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A Vacation Location to Remember

PETOSKEY / HARBOR SPRINGS, MICHIGAN

In 1873, George Gage, a Grand Rapids reporter, described Petoskey as “the land of the million-dollar sunsets”. Not much has changed since then.

The beautiful Little Traverse Bay outlines the town and its nearby neighbors – trendy Harbor Springs and exclusive Bay Harbor – with ocean-like views and sunsets hard to match anywhere along the Great Lakes.

It doesn’t take long to criss-cross the downtown streets, packed with plenty of great shops and inviting restaurants to explore. In fact, the area has flourished as a summer resort town since the late 1800s. It expanded its popularity in the late 1940s by becoming a winter skiing destination.

Ernest Hemingway, who lived in Petoskey and surrounding towns in his younger years, was said to have been a regular at the City Park Grill, which is just a block from Pennsylvania Park. The Grill features a turn-of-the-century atmosphere, with a hand-carved black walnut, cherry and hickory bar, tin ceilings, and good food at reasonable prices.

When out-of-towners stop at the local visitors bureau office, they can pick up the helpful walking tour and shopping-and-dining guides to plot their adventures and to learn about other area hangouts, such as the Bistro, a popular breakfast spot for the locals.

It’s easy to get around this welcoming community of 6,100 residents. The easy-to-follow walking tour brochure highlights the historic structures and briefly explains their importance.

Culture buffs will want to swing by the Crooked Tree Arts Center on Mitchell Street, which recently wrapped up a $4 million restoration. The center features works of art, music studios, a pottery lab, and performances throughout the year. A Sculpture Invitational runs through September 24 and every fall (October 4 through November 4), the 114-year old Victorian structure presents an intriguing Native American Anishnaabe Exhibit.

“Most of the buildings you see during the walking tour were constructed during the 1870s through 1930s, when the Victorian style of architecture was popular”, says the executive director of the Petoskey, Harbor Springs, and Boyne Country Visitors Bureau.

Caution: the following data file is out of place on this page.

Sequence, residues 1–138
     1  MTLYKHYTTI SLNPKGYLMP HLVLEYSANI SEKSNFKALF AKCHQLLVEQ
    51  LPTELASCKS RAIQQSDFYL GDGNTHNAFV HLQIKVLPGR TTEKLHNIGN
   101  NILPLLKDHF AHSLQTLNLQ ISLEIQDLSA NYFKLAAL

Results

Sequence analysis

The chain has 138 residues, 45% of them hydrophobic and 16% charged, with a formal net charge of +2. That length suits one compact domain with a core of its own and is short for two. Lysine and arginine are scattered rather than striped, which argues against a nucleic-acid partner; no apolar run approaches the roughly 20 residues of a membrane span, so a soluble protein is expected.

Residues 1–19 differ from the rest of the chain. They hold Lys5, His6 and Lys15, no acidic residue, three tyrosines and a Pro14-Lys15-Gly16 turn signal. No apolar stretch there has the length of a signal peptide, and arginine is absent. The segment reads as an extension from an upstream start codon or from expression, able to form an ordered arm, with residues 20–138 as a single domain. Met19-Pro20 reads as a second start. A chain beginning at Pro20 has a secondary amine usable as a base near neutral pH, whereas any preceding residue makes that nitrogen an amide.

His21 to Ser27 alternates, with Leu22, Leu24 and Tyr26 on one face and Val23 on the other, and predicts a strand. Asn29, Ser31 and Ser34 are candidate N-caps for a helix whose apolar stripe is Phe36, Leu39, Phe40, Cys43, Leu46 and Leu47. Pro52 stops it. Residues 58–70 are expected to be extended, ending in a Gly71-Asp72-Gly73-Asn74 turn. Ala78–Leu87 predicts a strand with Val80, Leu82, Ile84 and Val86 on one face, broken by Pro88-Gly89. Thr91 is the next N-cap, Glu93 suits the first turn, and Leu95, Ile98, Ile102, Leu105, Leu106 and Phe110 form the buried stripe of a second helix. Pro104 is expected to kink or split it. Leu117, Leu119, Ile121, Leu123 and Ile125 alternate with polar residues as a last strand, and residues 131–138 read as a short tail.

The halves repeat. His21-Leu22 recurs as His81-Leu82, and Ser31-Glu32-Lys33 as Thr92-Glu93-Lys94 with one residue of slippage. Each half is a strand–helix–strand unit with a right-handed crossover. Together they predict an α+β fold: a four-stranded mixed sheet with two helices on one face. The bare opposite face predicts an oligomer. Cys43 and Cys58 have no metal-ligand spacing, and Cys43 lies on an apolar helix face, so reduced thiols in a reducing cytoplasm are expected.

In addition to the historic stops, there are dozens of galleries, antique shops, specialty stores and boutiques. Time is well spent browsing at Symons General Store and Grandpa Shorter’s Gifts. If the weather is good, there are concerts in Pennsylvania Park on Tuesdays and Fridays. Visitors can stroll the picturesque waterfront, wander through the History Museum in the old railroad depot and take the pedestrian tunnel (under the main highway that skirts the town) to Bayfront Park.

“Petoskey means concerts in the park and walks on the waterfront with the kids to watch the sunset, followed with a round of ice cream cones” says a member of the local chamber of commerce. “Petoskey is the hub of Little Traverse Bay, yet offers the peaceful serenity of just being in one of the most beautiful spots on the Great Lakes.”

Come late January, more than 250 tons of thick block-ice transform Bay Harbor into a glistening wonderland of ice sculptures during the Bay Harbor Ice Festival. Complemented by a hot and spicy Chili Cook-off.

You can’t say Petoskey without mentioning morel mushrooms and the fascinatingly patterned Petoskey stones. Both are elusive but plentiful for the dedicated hunter. Hundreds make a pilgrimage to local forests to find mushrooms, especially during the 44-year-old National Morel Mushroom Festival in May. The area’s many public beaches dot the beautiful Little Traverse Bay coastline, from the sands of tony Harbor Springs to the waters west of Bay Harbor. Or head north on M-119 through the famous Tunnel of Trees route for a few miles to quieter sunning spots in tiny Good Hart.